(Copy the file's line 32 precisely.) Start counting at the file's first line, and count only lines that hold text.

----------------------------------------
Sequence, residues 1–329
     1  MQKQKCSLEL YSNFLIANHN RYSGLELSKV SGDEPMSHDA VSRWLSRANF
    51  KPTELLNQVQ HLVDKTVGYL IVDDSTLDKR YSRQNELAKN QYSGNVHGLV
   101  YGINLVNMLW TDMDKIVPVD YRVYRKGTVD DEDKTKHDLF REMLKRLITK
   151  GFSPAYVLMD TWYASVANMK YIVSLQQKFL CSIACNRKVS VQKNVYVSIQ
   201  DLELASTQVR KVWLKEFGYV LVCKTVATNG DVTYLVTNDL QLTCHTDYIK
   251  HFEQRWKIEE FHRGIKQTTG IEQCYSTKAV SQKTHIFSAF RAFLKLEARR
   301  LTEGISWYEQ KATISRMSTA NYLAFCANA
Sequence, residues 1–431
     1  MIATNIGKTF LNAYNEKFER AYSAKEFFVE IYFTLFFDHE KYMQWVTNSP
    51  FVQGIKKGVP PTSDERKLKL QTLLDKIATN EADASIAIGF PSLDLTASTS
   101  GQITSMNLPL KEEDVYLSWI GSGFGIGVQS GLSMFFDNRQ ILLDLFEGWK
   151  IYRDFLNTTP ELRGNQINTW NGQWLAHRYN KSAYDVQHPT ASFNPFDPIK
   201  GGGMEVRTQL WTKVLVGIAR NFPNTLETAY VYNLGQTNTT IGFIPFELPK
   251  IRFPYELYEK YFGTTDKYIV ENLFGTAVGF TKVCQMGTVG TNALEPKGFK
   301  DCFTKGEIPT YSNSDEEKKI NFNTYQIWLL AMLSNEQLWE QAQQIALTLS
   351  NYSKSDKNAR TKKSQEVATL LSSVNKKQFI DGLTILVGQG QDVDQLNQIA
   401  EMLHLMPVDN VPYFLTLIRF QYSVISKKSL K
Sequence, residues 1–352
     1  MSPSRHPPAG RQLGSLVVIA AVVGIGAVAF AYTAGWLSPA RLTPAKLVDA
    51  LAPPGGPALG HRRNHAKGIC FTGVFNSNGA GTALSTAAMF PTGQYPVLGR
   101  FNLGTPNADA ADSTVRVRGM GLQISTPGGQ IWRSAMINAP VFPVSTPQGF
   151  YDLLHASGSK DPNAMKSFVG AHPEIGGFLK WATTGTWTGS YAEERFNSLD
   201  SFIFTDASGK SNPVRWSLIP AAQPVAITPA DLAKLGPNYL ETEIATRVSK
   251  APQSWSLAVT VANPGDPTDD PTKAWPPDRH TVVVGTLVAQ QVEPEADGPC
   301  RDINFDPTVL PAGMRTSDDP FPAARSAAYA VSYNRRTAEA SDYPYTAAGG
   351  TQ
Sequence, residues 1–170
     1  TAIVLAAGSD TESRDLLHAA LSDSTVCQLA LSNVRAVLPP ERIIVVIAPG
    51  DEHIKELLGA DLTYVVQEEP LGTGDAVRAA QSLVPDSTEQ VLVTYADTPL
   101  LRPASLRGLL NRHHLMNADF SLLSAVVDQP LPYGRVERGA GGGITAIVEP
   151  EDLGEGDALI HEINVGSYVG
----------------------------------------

   151  EDLGEGDALI HEINVGSYVG